When all materials are finally glued together, they will be bound with a rope and dried for 20 days at a temperature of 25-30°C; this is followed by further manual shaping. Each bow will come out as a unique piece; the bow grip and the thumb ring will be personalised to user’s hand and thumb. To complete one product, the bowmaker will touch the bow more than 3700 times over those four months.
It will take more than ten days for a fletcher to complete one arrow – a 50 step process. Traditional bow making demands for a great set of skills, experience, patience and physical strength. As an traditional artisanal skill, despite being protected as an intangible cultural asset by the Korean government, it is a correspondingly rare career: there are now only ten active bowmakers in South Korea today.
Since bow making is a lengthy seasonal process, I did not have the opportunity to observe it in full on this trip. I was however treated to a personal demonstration of bow preparation by my friend and bow maker, Bo Hyun Yoon, who has a couple of decades of shooting and bow making under his belt.
Recurve archers should never again complain about having to set up their rig, because it takes on average around forty minutes to prepare a traditional bow for shooting. A novice may spend up to an hour, because they will have to get acquainted with the bow’s shape and learn to treat it with care so it doesn’t break.
There are two ways of stringing the bow: first, by using your body, second by using a gungchang – a specialist fixture that assists in stringing and is used by most archers. All archers will store their bows in thermal boxes, either at the clubhouse or in their home.
Most will have a wooden thermal box at home because they would often need to prepare their bow for shooting at a competition, where there would be no space or time to do so. These boxes are often made by archers themselves and are known as jum hwa jang. Temperatures at which the bows are kept vary from 21-25°C.
The archer will first take the bow out and unwrap it; the bow will be bent outwards into a crescent shape. Archers use a portable electric hot plate and will hold the bow over its heat to soften the glue. The archer will listen to the sound of the bow and look for a certain
shape, as they manipulate the bow. The ideal conditions for this are a silent room. It needs to be done in silence because each bow will have its characteristic sound, both when it is shot and when it is strung. If a sharp cracking sound starts to appear, the archer will know to heat that part of the bow more to warm the glue and get more elasticity out of the bow.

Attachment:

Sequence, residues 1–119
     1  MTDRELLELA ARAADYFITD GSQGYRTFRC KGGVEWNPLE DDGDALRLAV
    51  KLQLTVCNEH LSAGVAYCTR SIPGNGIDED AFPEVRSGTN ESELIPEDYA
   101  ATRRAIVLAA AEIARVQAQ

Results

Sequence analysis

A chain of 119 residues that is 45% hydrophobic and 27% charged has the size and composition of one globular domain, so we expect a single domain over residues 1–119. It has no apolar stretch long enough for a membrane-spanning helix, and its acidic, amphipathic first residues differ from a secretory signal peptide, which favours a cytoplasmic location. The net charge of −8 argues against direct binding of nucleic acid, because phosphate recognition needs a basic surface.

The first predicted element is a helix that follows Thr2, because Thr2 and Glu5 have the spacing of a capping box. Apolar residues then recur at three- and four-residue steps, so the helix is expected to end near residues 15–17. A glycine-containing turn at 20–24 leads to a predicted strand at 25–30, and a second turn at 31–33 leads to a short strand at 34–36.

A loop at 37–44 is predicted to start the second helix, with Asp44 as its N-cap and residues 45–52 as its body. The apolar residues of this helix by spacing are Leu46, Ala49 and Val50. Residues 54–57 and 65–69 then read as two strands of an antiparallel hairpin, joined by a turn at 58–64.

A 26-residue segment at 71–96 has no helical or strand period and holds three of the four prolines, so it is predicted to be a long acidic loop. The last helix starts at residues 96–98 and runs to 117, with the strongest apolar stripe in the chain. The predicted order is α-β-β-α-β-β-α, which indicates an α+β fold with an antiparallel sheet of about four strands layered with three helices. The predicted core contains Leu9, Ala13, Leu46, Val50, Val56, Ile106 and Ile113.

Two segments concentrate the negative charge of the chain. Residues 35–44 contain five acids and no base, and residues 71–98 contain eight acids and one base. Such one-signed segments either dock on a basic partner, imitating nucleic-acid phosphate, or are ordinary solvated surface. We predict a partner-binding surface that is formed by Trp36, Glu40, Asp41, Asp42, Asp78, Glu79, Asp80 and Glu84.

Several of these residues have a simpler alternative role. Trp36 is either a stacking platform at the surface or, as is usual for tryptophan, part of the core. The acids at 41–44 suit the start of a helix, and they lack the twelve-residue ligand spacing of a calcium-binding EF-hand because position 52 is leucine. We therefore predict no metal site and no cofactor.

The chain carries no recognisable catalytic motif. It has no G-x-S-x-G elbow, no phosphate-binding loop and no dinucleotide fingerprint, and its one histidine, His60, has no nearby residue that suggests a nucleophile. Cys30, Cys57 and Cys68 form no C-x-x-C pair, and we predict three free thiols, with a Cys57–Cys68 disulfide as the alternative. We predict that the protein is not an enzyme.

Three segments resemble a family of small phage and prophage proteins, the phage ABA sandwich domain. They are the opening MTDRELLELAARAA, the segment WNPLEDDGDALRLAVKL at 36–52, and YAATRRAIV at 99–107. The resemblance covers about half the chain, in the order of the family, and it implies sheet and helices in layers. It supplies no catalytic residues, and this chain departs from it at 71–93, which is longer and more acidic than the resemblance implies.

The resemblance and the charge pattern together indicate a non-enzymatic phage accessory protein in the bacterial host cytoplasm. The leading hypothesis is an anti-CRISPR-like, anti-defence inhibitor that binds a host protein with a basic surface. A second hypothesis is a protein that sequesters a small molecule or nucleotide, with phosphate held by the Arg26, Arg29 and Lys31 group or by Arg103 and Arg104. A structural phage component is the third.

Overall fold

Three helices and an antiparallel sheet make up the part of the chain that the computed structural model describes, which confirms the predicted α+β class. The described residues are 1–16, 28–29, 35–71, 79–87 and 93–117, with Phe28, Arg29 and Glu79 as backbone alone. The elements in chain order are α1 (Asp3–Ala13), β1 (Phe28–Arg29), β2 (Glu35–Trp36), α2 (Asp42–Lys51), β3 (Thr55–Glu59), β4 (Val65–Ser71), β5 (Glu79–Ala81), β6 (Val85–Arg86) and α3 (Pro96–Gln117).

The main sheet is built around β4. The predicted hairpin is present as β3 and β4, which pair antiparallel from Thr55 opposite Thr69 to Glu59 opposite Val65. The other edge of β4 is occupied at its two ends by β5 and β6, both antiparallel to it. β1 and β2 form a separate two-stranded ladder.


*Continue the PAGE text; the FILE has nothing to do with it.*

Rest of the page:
A gakgung is strung in two stages. First, the bow will be straightened halfway up, its shape will be very much like that of a modern Korean practice bow when it is unstrung, i.e. the main body only slightly bent away with ‘ears’ pointing outwards. Special wooden blocks are tied on one limb at a time.
These blocks are known as do ji gae and are custom-made to each bow because they help understand the shape of the limbs, and every archer will heat and bend their bow to fit that particular mould. This process is careful and slow and requires a lot of concentration- one slip up and the bow will bounce back.
This is what happened during my friend’s demonstration, because he had an injury to his hand, but luckily the bow was fine because it was sufficiently loosened under heat, and he then proceeded to use the bow fixture to assist him. It does require a lot of physical strength to string a gakgung by hand.
When both limbs sit in their moulds, the archer will then put on the string on the top limb, followed by the bottom. The blocks are then untied and further adjustments and shaping takes place. These are done with the help of archer’s hands and feet.
When bow shape looks perfect, ‘rule of thumb’ brace height check must be done. It is measured like so: bottom part of a fist is placed in the deepest recess of the bottom limb of the bow, thumb up. The tip of the thumb must touch the string.
The same check is done for the top limb, only there the thumb almost reaches the string with a 3-5mm gap. The lower limb will be set stronger because of the nature the thumb draw. When the bow is strung the archer will put on limb savers at each end, usually short leather ring straps.
The archer’s belt which is used as a bow case and a quiver, tied around the waist when shooting, will act as a bow guard. It is tied around the bow in a traditional manner to be ready for transportation. Bows are tied like that for every competition, and when novice archers are first presented with their bows upon entering the Korean Traditional Archery Association.
The Korean bow today
Since my return from South Korea, I’ve been frequently asked one question: how come I can’t buy a traditional bow like that abroad? Firstly, the bow itself is designed to perform at a long distance and judging from my own experience there would be no satisfaction using it at a distance shorter than 100 yards, especially when traditional anchor points and thumb draw are used.
Secondly, shortage of bow materials and import restrictions that apply particularly to the buffalo horn. More recent issues arose in 2005, when the Korean government imposed severe restrictions on buffalo horn imports from their main supplier, China, putting traditional bowmaking practice at a high risk of total extinction.
Issues have been somewhat resolved, and thanks to the pleas and campaigns of many individuals, the traditional bow lives. But there are now just 400 active traditional clubhouses in the territory of South Korea.
Next month I will investigate the popularity of KTA discipline and the culture of KTA competitions.
Special thanks to Sora Kim, Bo Hyun Yoon and Oh Jung-Kwon.